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1. If the soul be of unspeakable value, and if it be constantly in danger of passing the limits of salvation, then this subject calls upon CHRISTIANS to make far greater efforts than they are making, for the salvation of their fellow-men. In God's kingdom of grace no results are brought about, except through the intervention of means. And you, PROFESSING CHRISTIANS, are the co-workers, through whose active cooperation, (not mere passive instrumentality,) he designs to accomplish his purposes of grace towards the impenitent. And yet what numbers of unconverted persons are there, in your neighbourhood, in your congregation, yes, in your very families, for the salvation of whose souls you are doing little or nothing; and who, if they are lost forever, next to their own guilty negligence, may well charge their ruin upon you, and leave the blood of their souls upon your heads! I know that some of you may hear this appeal, as though it were a mere matter of course, instead of regarding it as an intended exhortation-as a pointed and solemn warning. Many of you, I fear, will tacitly admit the truth of the charge, while you make no resolutions of amendment-while you even think with yourselves, that for the future you will continue to go on just about as you hitherto have done. If you do, it will but add another to the many existing and fearful evidences of the ease of self-deception. Yes, it is a mournful truth, and I write it with sorrow, that probably many in all our churches are self-deceived-that probably many who profess the name of Christ, are passing to the judgment-seat, with no other hope than that of the hypocrite, which shall perish like the spider's web, when God shall take away the soul. They utterly disregard the tremendous responsibilities which they have taken upon themselves by a profession of religion. Their lives furnish no satisfying evidence of genuine conversion-of sincere piety. They evince not the slightest regard for the souls of others. They are so absorbed with the world, that they would scarcely know they had souls of their own, were they not reminded of the fact by their occasional visits to the sanctuary. They are in awful danger of being cursed on earth for their unfaithfulness, and of receiving their endless portion hereafter, with hypocrites and unbelievers, amid the blackness of darkness forever! PROFESSING CHRISTIANS, let each one of us ask, in the spirit of deep humility, and of faithful self-examination, "Lord, is it I?" By my care for my own soul, and for the souls of others, do I satisfy my own conscience-do I give evidence to all around me, that I am indeed a child of God? O that every professing Christian had far more of what Shaftesbury sneeringly calls, "the heroic passion for saving souls!"--that thus they might be more useful to others, and gain clearer evidence of their own title to heaven. Finally,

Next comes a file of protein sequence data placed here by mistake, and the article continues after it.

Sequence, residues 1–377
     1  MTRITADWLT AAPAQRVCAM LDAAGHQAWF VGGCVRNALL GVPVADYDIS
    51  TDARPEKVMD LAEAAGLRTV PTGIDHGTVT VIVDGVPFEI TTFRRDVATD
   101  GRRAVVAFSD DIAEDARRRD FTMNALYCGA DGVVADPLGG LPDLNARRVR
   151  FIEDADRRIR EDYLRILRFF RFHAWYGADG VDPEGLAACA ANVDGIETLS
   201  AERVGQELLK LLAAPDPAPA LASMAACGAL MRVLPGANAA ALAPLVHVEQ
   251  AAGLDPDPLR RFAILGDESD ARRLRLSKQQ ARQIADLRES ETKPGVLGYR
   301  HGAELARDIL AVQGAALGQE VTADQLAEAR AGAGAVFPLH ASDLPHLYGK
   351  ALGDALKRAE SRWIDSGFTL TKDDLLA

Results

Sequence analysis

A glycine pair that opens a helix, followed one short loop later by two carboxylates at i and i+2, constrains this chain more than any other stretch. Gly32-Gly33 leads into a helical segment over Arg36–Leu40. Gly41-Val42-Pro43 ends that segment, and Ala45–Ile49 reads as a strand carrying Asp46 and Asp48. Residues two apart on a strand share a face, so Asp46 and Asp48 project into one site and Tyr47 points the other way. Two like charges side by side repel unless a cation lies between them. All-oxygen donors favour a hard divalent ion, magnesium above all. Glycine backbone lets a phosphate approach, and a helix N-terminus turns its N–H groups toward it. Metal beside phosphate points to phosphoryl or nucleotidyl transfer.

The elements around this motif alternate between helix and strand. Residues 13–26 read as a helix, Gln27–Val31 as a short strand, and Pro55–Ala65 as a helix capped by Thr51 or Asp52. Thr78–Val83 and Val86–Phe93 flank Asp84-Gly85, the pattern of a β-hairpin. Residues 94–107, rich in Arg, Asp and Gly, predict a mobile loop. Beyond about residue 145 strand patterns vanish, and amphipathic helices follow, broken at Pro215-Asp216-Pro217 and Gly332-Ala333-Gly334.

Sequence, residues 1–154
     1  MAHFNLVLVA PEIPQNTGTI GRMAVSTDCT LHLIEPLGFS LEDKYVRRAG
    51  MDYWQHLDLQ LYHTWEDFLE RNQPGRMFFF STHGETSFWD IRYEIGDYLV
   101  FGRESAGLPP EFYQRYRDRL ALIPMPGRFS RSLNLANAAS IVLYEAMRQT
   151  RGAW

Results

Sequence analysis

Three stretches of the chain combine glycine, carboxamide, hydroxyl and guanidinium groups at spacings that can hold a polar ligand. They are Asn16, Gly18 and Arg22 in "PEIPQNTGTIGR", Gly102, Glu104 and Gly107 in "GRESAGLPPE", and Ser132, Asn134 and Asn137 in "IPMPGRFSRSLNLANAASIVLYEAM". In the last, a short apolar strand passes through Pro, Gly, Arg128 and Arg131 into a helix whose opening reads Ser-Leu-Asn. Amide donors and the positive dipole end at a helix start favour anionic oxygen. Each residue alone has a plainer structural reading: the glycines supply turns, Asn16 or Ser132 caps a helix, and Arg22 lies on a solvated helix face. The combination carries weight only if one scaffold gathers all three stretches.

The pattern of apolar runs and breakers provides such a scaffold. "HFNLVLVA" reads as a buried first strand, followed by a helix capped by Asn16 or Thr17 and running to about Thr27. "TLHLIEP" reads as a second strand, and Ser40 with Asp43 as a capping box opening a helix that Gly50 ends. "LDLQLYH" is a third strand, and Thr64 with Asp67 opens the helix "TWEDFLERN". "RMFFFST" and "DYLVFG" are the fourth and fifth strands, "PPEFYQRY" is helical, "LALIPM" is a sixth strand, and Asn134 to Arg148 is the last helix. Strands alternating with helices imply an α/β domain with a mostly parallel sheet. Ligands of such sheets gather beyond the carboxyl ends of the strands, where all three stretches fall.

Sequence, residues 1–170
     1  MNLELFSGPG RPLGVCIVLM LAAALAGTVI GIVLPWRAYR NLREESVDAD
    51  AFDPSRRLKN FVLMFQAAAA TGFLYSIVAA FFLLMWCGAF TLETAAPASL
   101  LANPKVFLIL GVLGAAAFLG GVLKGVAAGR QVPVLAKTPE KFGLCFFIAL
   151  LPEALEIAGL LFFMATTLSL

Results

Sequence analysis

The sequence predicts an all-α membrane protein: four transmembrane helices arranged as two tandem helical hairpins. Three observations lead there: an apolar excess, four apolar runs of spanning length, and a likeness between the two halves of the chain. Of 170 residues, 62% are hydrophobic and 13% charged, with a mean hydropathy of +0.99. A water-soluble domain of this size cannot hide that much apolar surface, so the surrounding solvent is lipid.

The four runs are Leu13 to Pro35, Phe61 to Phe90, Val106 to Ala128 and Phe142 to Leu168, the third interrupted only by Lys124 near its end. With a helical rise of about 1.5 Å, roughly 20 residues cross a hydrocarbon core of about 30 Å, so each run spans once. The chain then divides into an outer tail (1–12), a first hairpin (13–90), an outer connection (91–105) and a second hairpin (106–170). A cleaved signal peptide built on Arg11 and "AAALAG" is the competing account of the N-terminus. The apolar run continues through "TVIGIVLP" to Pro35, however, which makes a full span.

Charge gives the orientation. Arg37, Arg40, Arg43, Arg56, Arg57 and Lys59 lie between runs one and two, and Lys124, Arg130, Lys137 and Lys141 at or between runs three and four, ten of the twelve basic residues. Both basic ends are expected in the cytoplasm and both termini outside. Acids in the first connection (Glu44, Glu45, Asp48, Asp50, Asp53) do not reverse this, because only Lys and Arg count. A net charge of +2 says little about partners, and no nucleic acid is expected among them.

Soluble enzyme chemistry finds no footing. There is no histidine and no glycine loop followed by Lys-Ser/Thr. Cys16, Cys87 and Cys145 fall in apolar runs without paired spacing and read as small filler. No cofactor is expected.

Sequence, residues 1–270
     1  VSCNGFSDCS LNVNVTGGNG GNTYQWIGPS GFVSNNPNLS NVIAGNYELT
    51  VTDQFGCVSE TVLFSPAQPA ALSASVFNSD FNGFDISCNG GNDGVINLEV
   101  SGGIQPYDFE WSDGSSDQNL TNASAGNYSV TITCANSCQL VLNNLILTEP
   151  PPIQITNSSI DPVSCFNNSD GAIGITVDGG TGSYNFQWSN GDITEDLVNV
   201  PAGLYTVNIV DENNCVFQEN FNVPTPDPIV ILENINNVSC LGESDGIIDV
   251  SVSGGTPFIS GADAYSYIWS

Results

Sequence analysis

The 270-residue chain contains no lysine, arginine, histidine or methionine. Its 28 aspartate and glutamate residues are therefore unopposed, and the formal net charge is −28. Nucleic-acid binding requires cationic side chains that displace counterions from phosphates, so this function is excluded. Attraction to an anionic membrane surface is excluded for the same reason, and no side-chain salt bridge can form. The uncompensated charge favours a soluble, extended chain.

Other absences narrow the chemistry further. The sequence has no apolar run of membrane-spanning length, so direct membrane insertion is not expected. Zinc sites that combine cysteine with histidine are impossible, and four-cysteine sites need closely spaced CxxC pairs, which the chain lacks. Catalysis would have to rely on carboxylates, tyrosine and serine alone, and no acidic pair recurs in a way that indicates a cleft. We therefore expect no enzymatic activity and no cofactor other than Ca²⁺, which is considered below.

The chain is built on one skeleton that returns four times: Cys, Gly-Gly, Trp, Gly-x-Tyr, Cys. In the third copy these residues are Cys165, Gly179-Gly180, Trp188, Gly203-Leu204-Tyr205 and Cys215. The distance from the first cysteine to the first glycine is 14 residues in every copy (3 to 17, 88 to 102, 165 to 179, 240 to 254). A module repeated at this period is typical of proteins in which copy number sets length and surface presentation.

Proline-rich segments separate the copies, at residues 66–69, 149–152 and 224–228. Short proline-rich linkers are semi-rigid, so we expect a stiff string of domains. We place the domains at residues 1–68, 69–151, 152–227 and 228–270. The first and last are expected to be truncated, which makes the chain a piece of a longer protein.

2. If the soul be of unspeakable value, and if there be a period, beyond which, there is no hope of its redemption, then the IMPENITENT are warned by this subject to attend instantly to the salvatian of their souls. There is a period, as we have seen, beyond which all efforts for the soul are vain and fruitless. FELLOW-SINNER, it is possible-yes, it is more than possible, that you may have reached that limit-it is more than possible, that already you may have sinned away your day of gracethat you may have passed the utmost boundary of all well-founded hope of heaven. I say not that this is the fact, but that your stupid apathy, and strange indifference to your immortal interests, afford no small reason
for thinking that it may be the case; still, there is a possibility that you may yet be saved. And even the possibility of saving your soul, should rouse you to instant and mighty effort. Yonder is a noble ship-ploughing the billows, under full spread sails. A mariner, unobserved, is swept from her deck into the wide waste of waters. He knows that he is unseen; but still he struggles for his existence. The ship passes on--gradually, but rapidly, it recedes from his sight--the last bit of its canvass is dimly seen in the distance--it is gone! Does yonder drowning man relinquish his efforts, or give way to despair? O no! As the ship fades from his view, and the last ray of hope is quenched in the clouds of gathering death, he struggles on, and struggles on, with all the energy of a dying man, till, from mere exhaustion, he sinks, to rise no more! Before that poor mariner, there was no prospect of rescue-no prospect of life-and yet he struggled on to the last, from the very instinct of his nature. Mariner for eternity! there is yet a possibility that you may be saved! The grave has not yet closed over you-you are yet in a state of probation-you are yet out of hell! Rouse then, to the effort all the energies of your nature; agonize for your immortal existence-for your never-dying soul, if perchance it may yet be saved!
BY REV. EDWIN HOLT, CHARLESTON, SOUTH CAROLINA.
UNION OF CHRISTIANS ESSENTIAL TO THE
JOHN Xvii. 21. That they all may be one, as thou, Father, art in me, and I in thee, that they also may be one in us; that the WORLD MAY BELIEVE that thou hast sent me.